Additive Manufacturing – bridging disrupted supply chains in times of Covid-19?

Posted on: April 27, 2020 by Stefan Zimmermann

The Covid-19 is severely affecting the business of manufacturing customers. Closed borders and increased border controls are disrupting or slowing down supply chains. Looking at pictures with 30-kilometer truck traffic congestion, for example at the German-Polish border, give an impression of the magnitude of problems currently faced in supply chains. Manufacturing industries are therefore in need of concepts and solutions to maintain their production, compensating for the shortfall of supplies.

Additive Manufacturing presents a solution to compensate for disrupted supply chains by providing the opportunity to “insource” the making of parts and components. Its undisputed flexibility to process parts of various shapes and geometries, makes it the choice to produce various types of parts that had formerly been procured from third parties. In addition, a lot of companies such as automotive OEMs (original equipment manufacturers) such as Volkswagen or Daimler are offering their additive manufacturing capacities on the market to compensate for the lock down of their business. This represents an opportunity for all other businesses to more heavily rely on additive manufacturing e.g. of critical parts and components and become independent of supply chains.

So, what can be done in the advent of limited supplies, and how can businesses switch from supplies to “make” enabled by additive manufacturing?

First it needs to assess which supplied parts or components can be produced with additive manufacturing. This will include the application of a set of criteria such as the existence of 3D models of the part or component, and the material it consists of.

Furthermore, the cost of the to be produced part needs to be considered. This is important since in most cases the switch from procuring a part to producing it by additive manufacturing can create higher costs and therefore an unfavorable business case. Some will object to that in times of a crisis, but this is insignificant due to the fact that assuring production is the prime objective. This will play a major role, since the decision to embrace additive manufacturing and therefore insourcing should be a long-term decision. Switching back to supplied parts after the crisis may not be a (cost) efficient option anymore, and businesses might not want to pass up on the flexibility gained in another crisis that might turn up in the future.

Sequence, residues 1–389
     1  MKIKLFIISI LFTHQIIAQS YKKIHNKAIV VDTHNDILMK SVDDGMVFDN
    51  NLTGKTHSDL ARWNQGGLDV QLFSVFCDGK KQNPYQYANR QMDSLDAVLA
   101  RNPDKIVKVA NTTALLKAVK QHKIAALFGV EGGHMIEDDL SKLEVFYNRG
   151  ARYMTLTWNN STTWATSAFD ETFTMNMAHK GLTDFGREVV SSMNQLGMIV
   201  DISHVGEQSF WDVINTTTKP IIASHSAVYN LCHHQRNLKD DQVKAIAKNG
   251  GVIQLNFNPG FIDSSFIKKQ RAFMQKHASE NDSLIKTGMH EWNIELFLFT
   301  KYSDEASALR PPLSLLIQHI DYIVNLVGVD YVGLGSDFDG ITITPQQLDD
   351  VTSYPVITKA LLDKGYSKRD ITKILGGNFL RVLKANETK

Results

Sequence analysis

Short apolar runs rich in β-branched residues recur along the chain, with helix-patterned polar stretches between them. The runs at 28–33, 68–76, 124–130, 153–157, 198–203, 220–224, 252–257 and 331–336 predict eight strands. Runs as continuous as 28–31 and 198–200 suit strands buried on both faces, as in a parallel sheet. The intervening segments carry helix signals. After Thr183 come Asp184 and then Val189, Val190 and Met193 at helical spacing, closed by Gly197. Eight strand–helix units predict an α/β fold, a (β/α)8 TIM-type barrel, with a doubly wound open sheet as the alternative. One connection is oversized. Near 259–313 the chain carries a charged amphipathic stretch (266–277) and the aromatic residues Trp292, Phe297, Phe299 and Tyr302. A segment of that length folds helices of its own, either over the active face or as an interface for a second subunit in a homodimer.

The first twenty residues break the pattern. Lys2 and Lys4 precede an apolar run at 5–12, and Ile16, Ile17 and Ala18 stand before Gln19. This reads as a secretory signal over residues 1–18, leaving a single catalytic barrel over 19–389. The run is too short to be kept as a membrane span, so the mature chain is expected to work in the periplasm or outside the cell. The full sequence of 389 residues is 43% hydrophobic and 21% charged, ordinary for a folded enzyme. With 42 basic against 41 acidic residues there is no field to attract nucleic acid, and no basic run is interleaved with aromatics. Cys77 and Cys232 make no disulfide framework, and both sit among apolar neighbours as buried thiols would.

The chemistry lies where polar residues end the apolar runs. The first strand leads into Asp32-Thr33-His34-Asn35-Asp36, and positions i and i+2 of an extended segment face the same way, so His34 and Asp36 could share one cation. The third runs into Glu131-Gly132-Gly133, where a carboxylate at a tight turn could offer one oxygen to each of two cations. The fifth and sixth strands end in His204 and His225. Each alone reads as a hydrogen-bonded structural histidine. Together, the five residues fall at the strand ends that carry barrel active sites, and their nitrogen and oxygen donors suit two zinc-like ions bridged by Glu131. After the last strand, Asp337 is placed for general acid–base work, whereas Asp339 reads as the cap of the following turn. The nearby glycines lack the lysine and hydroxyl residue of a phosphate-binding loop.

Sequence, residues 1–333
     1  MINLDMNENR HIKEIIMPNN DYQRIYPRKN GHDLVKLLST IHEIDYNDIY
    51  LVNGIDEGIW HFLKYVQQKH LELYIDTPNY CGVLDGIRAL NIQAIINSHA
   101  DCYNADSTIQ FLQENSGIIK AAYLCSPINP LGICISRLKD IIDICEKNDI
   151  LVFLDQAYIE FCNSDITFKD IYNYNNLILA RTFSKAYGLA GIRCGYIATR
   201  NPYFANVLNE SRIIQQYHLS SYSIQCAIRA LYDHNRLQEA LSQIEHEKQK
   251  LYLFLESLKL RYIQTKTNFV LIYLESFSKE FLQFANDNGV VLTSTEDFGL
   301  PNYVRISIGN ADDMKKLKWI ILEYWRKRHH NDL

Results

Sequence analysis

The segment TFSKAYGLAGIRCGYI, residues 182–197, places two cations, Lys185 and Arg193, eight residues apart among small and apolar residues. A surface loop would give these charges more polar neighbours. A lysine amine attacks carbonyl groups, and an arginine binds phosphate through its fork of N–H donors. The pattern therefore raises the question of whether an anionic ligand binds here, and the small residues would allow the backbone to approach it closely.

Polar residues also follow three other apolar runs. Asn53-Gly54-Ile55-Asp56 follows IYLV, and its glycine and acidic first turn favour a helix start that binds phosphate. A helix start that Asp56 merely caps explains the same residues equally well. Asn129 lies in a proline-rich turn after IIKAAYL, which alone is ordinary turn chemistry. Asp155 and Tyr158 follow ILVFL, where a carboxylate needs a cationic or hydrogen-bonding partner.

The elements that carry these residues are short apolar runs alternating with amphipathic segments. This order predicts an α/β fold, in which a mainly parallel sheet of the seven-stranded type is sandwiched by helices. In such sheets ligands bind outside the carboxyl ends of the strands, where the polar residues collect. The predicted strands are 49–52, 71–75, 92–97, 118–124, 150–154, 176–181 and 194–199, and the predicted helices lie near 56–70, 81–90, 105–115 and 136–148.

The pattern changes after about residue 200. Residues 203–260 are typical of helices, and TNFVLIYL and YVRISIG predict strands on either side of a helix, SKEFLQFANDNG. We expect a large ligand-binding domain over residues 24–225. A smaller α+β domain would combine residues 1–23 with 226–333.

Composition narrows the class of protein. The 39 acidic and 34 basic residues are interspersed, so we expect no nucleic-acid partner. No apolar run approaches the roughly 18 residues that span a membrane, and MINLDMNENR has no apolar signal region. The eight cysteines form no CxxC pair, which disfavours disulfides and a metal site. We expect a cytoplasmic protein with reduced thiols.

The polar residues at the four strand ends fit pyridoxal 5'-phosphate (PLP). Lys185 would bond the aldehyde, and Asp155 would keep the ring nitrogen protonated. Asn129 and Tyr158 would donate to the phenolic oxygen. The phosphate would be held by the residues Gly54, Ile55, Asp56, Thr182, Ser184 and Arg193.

Cost efficiency can be realized by optimizing parts or components. Additive manufacturing offers the opportunity to, for example, produce optimized designs or lighter parts with higher rigidity. Therefore, the assessment should, if necessary, be followed by an optimization of the part design. Methodologies such as M4AM (Methodologies for Additive Manufacturing) incorporate specialized consulting and engineering services to support customers in executing these activities. Finally, finding additive manufacturing service providers and/or leveraging customers` own additive manufacturing capacities will follow.

Although it might not solve all supply chain problems, the switch to additive manufacturing will help secure production in the times of the crisis. Furthermore, it will also provide flexibility in the future, that's to say after this crisis or during another potential crisis. It will also favor the insourcing of critical parts i.e. the substitution of procured parts from global sources with parts produced in Europe using additive manufacturing after this health crisis.

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About Stefan Zimmermann
Global Head of Incubator Portfolio Industry Manufacturing
Stefan Zimmermann is responsible for the innovation and portfolio development in Industry 4.0 at Global Atos B&PS. He aims at helping industrial companies to identify business opportunities enabled by Industry 4.0 during their digital transformation process, embracing the Industry 4.0 framework. He’s got a very strong industrial background, having worked for companies like Siemens (>10 years) and Rheinmetall Group and also comprehensive consulting skills gained when working for Roland Berger & Partner.

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